That's not to say the experience is without its flaws. While some of the stages are pretty neat -- Dagger Man with his teleports and twirling backgrounds, Soak Man and his interesting iteration on a water stage -- not all the Robot Master stages are made equal. Coal Man's stage, for example, is just an underground play on Fire Man's stage while Axe Man hardly does more than give us Metal Man's stage again with some slightly different enemies. If the creativity apparently in some stages could have extended throughout the entire game, the whole package really would have sung.

This is the first Mega Man game where I found myself enjoying the end fortress stages more than the main game. These stages have a diverse and interesting collection of challenges that don't just give us stuff we saw earlier in the game, mixed up and harder. Protoman Stage 2, for example, has a gun reticule that follows you around, shooting exploding blasts at you, pushing you ever onward. Stage 3, meanwhile, sets up complicated jumping puzzles around force beams, actually making these obnoxious traps interesting for once. And the last big stage, level 4, works in Gravity mechanics along with devilish traps, to really make you work for that hard-won prize at the end of the level. It's impressive.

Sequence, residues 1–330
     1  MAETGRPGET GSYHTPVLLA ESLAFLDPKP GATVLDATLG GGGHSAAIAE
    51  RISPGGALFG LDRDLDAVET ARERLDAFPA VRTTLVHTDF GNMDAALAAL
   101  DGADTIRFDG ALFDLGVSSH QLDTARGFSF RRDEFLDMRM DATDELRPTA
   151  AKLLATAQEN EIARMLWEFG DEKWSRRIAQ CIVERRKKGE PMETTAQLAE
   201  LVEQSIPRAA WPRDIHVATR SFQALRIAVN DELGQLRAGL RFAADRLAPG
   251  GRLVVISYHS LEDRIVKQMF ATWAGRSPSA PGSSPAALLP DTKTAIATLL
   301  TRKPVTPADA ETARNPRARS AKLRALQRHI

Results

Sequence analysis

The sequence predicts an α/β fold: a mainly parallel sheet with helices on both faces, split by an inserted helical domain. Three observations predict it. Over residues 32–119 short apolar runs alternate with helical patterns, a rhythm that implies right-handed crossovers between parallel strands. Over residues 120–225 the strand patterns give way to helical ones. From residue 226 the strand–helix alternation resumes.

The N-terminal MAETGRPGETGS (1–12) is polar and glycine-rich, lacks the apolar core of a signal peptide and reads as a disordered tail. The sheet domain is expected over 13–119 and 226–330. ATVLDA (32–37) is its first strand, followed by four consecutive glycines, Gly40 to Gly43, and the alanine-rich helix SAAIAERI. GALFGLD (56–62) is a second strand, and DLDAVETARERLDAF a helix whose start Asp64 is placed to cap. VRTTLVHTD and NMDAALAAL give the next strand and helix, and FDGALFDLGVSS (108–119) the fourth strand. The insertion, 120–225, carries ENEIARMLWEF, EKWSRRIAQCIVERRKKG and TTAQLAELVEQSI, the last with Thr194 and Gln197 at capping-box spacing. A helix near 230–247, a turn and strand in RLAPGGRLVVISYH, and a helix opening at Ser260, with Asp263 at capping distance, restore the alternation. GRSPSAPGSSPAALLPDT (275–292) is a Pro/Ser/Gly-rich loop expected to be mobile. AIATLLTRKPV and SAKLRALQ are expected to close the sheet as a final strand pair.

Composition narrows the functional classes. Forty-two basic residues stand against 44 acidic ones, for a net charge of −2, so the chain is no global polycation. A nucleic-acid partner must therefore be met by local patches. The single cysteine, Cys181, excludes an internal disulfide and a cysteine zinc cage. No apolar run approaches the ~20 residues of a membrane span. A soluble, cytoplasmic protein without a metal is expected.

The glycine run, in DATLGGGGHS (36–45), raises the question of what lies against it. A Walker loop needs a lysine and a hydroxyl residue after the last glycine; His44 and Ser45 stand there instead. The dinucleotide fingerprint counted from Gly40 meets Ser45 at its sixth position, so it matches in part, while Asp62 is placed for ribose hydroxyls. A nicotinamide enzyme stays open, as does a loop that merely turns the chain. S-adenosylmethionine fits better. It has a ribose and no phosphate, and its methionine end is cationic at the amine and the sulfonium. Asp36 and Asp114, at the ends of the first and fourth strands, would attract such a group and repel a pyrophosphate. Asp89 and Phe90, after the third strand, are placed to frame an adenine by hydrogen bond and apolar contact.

What I also really appreciated was that the stages, and the bosses as well, didn't feel like hard-mode kaizo versions of the real games in the series. Too often fan games go in for "moar challenge!" upping the difficulty over the original titles under the thought that this is all fans want. As a player of middling abilities I much appreciate a game that goes for creativity of challenge, one that makes me work some but does slap me in the face over and over for daring to even attempt it's levels. This is a game that lets you sink in and enjoy the experience without punishing you over and over again so you, "git gud!"